In sports, everyone is a winner—some people just win better than others. Like Redskins quarterback (wow) Donovan McNabb, who stole a busy weekend show when he suddenly turned the tables on Philadelphia and became Bizarro Brett Favre.
An aging, underachieving quarterback near the end of his contract life. An impatient front office with a youngster that they believe to be their future. The veteran forced out of town, to a division rival that might be one player away from suddenly becoming a serious threat. The only difference is that in this scenario, the oft-maligned veteran becomes the sympathetic hero. Instead of praying for a spectacular interception-filled flameout, most non-committed NFL fans will be begging for Donovan McNabb to DESTROY the Eagles next season. Even if that means not being able to laugh at the Redskins.
If there's one virtue sports fans mistakenly prize above all others, it's loyalty. Where Brett Favre personified the heartless mercenary player, McNabb now becomes his antithesis—the faithful hero spurned by heartless corporate masters. McNabb has never been an easy guy to rally behind—nor is Washington an easy team to love—but now that's he's been "wronged," you won't find a better feel good story next season that doesn't involve Drew Brees and a pediatric cancer ward.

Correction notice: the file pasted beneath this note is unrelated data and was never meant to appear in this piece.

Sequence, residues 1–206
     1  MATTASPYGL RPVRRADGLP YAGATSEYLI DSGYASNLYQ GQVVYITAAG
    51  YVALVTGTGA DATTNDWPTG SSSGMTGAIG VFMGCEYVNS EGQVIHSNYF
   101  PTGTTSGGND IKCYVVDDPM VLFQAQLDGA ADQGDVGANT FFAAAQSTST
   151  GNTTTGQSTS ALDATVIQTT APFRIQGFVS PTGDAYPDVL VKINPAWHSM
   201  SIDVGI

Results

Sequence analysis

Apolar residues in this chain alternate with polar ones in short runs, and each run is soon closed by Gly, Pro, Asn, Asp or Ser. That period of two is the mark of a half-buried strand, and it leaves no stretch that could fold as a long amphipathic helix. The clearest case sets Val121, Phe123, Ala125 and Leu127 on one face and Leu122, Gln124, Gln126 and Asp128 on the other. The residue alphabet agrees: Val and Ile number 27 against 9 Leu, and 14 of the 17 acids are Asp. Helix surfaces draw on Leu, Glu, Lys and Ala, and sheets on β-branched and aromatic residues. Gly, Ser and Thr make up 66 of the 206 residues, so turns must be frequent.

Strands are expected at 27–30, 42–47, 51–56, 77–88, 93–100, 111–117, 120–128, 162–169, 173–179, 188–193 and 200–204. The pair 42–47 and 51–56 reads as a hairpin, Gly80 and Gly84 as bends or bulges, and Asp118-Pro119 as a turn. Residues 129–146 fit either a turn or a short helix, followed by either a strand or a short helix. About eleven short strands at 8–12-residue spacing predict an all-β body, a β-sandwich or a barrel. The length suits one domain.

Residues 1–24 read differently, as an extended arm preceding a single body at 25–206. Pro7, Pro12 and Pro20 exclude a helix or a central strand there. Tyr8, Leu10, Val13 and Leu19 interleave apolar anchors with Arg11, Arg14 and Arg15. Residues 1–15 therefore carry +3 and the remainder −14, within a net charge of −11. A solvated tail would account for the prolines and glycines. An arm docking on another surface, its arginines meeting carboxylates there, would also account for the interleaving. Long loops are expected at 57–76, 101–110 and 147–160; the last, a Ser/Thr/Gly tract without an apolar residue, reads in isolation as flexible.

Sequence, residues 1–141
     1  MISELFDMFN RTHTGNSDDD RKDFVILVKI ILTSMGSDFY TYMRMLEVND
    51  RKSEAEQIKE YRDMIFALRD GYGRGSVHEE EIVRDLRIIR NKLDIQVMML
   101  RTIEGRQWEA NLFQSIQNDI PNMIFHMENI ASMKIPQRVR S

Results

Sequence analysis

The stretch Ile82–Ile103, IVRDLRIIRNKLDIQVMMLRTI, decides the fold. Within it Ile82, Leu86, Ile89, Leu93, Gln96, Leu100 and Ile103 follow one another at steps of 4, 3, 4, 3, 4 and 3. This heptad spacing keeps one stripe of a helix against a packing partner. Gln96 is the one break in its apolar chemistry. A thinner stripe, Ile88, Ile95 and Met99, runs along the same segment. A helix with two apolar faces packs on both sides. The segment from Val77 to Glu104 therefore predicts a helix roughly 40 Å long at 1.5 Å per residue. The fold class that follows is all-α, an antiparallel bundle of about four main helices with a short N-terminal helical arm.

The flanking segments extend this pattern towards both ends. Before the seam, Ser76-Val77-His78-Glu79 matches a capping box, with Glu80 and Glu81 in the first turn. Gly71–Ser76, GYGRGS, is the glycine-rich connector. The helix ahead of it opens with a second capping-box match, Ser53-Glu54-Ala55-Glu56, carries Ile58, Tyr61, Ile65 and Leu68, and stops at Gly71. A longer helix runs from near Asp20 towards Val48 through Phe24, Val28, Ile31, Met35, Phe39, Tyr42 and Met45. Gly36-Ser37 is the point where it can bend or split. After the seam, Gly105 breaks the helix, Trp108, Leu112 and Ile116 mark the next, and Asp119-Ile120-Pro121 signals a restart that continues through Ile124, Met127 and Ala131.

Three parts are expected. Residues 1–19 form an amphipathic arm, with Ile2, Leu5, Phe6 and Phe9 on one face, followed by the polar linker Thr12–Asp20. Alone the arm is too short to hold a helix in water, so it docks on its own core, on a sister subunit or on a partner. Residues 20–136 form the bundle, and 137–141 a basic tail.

The best part of all is that we may finally learn the answer to a question that's been bugging football fans for a decade: Who is really to blame for the Eagles' pathetic string of postseason failures? Is Andy Reid a secret genius routinely done in by his easily confused quarterback? Or could Donovan McNabb become John Elway if only the sideline signals weren't sent to him in Esperanto? In addition to sympathy, he's also got a rested and ready Mike Shanahan, a tri-headed backfield smoke monster, and Dan Snyder's wallet on his side. The Eagles have ... Kevin Kolb?